French watchdog whacks Google with £125m fine for online cookie trackers
France’s data privacy watchdog has fined Google a record €150m (£125m) for making it difficult for internet users to refuse online trackers.
Meta Platforms’ Facebook was also fined €60m for the same reason, the regulator CNIL said.
Internet users’ prior consent for the use of ‘cookies’, which are tiny snippets of data that help build targeted digital ad campaigns, is a key pillar of the European Union’s data privacy regulation and a top priority for the French watchdog.
“When you accept cookies, it’s done in just one click,” said Karin Kiefer, CNIL’s head for data protection and sanctions. “Rejecting cookies should be as easy as accepting them”.
In its statement, the watchdog said it had found that the facebook.com, google.fr and youtube.com websites didn’t allow the refusal of cookies easily, citing Google’s video-streaming platform.
The CNIL said the two companies had three months to comply with its orders, including guaranteeing that they had users consent for cookies, or face an extra penalty payment of €100,000 per day of delay.
Whilst a virtual button was provided to allow immediate acceptance of cookies, there was no equivalent to refuse them as easily.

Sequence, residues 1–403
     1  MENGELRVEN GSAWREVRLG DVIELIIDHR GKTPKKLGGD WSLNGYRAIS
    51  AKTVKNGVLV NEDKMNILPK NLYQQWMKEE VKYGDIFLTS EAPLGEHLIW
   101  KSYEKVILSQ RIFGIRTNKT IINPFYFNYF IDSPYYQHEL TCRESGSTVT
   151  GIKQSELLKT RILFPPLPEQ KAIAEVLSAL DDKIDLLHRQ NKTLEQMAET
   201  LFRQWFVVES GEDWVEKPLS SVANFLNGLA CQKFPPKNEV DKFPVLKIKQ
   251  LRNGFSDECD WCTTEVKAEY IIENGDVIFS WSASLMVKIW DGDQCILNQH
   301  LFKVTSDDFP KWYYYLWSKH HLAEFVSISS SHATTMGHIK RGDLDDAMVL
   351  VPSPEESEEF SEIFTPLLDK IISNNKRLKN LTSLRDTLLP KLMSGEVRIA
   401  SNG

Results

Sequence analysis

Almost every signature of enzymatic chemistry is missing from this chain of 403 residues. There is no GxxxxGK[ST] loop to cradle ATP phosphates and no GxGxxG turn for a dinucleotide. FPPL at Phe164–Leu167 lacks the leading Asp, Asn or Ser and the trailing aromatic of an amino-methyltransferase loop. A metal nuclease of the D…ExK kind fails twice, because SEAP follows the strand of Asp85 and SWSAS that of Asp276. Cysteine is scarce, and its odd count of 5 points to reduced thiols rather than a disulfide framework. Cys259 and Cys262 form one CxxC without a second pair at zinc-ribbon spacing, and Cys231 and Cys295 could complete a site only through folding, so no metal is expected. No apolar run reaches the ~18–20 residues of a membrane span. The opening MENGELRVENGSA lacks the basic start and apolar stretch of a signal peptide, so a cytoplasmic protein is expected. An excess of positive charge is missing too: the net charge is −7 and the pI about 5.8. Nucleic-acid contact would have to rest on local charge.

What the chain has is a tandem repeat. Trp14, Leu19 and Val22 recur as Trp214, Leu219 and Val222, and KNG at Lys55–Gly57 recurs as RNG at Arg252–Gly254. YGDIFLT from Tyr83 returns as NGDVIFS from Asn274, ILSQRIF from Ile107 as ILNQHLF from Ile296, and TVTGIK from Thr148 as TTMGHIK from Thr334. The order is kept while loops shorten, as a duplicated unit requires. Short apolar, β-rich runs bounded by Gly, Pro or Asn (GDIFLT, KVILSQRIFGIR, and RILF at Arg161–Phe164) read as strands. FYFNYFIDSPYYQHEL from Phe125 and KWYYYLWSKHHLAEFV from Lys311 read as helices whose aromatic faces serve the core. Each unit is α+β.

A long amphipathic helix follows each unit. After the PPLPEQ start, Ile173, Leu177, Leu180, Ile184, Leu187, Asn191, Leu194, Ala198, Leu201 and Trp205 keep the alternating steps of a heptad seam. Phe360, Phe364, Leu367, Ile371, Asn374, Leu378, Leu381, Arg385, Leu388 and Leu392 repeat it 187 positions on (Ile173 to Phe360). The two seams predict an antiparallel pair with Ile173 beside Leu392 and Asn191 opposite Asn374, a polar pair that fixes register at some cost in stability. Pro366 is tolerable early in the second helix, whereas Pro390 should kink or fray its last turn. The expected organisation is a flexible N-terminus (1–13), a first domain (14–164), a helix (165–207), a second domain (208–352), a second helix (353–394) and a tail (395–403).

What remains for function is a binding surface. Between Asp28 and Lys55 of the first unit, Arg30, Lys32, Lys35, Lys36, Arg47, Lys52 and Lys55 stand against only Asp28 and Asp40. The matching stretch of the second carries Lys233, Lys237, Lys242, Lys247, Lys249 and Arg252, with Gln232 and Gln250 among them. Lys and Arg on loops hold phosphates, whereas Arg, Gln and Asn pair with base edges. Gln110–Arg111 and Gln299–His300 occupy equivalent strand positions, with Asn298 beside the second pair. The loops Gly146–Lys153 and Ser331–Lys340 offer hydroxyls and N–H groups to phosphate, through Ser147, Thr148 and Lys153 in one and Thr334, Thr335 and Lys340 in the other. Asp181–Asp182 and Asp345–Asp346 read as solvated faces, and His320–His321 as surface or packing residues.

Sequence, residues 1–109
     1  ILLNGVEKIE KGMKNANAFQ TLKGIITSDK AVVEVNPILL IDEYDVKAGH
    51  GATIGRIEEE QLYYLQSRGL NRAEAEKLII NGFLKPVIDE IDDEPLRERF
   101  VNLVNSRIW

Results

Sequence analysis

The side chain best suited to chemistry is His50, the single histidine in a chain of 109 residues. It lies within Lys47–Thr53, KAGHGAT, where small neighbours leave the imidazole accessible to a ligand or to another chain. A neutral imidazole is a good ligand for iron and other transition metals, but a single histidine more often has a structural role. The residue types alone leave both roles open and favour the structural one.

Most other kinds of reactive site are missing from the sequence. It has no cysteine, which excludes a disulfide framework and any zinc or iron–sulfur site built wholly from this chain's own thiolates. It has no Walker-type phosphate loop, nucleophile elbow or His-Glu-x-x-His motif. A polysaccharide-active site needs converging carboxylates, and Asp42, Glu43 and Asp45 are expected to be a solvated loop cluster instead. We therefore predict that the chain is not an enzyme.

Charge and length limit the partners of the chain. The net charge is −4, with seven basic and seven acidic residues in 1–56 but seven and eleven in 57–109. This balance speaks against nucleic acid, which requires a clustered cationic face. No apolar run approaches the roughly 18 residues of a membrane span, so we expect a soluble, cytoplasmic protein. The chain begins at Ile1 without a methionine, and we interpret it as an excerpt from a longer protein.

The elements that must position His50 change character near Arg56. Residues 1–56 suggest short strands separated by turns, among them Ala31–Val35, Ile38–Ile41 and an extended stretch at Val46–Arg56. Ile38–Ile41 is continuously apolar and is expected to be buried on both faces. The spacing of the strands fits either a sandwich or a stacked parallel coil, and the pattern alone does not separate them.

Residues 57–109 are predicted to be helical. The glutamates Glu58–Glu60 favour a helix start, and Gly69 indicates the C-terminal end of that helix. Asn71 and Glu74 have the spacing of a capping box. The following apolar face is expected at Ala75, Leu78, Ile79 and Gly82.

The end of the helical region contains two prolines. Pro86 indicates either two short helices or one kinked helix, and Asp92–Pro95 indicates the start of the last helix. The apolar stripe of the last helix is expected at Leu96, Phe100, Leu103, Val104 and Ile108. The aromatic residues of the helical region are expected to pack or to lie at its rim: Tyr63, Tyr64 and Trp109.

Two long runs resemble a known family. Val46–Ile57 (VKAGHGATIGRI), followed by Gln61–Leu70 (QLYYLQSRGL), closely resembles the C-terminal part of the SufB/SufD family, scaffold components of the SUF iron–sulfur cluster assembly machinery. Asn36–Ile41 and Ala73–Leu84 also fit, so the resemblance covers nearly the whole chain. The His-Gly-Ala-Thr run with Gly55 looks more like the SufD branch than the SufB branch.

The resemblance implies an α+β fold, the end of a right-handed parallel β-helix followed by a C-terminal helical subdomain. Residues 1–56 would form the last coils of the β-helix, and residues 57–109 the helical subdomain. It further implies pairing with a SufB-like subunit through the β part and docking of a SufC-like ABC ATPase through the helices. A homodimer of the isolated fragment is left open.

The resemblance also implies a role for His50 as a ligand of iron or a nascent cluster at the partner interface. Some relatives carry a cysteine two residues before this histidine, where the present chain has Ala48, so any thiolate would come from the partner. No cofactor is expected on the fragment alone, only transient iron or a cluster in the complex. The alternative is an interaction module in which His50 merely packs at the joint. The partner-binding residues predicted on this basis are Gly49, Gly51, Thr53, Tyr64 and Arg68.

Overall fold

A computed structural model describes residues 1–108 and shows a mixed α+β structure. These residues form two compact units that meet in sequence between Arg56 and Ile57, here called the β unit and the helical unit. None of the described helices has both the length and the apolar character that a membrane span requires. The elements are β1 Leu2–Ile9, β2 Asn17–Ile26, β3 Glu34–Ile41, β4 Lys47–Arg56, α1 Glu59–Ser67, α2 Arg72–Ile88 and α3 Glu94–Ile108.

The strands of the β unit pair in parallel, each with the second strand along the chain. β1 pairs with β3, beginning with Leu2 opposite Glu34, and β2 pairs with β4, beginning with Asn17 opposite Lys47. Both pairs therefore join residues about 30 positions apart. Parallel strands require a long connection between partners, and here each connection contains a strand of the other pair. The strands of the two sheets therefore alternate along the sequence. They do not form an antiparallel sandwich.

“People trust us to respect their right to privacy and keep them safe. We understand our responsibility to protect that trust and are committing to further changes and active work with the CNIL in light of this decision,” a Google spokesperson told Reuters.
The hefty sum beats its previous record fine of €100m, which was also aimed at Google in 2020.
Last year, the UK regulator Competition and Markets Authority secured commitments from Google to address concerns about Google’s proposal to remove third-party cookies on Chrome.
Alexander Egerton, Partner and Privacy Compliance Officer at law firm Seddons, commented: “This development showcases the jurisdictional reach of privacy law.”
“The GDPR allows companies to choose which regulator regulates them. This case shows that if one regulator wants to enforce in another EU state they can proceed. As stated above, the European regulators are increasingly active – CNIL fined Amazon €746 m and the WhatsApp fine totalled €225. However, there is frustration regarding the lack of European conformity – some regulators are seen as under resourced and others as too compliant. The pressure placed on Ireland regarding WhatsApp and the approach that CNIL has taken show us that the perceived benefit of forum shopping may not crystalise.”
“This case shows us that any reform may not prevent EU regulators from challenging any change to future UK practice.”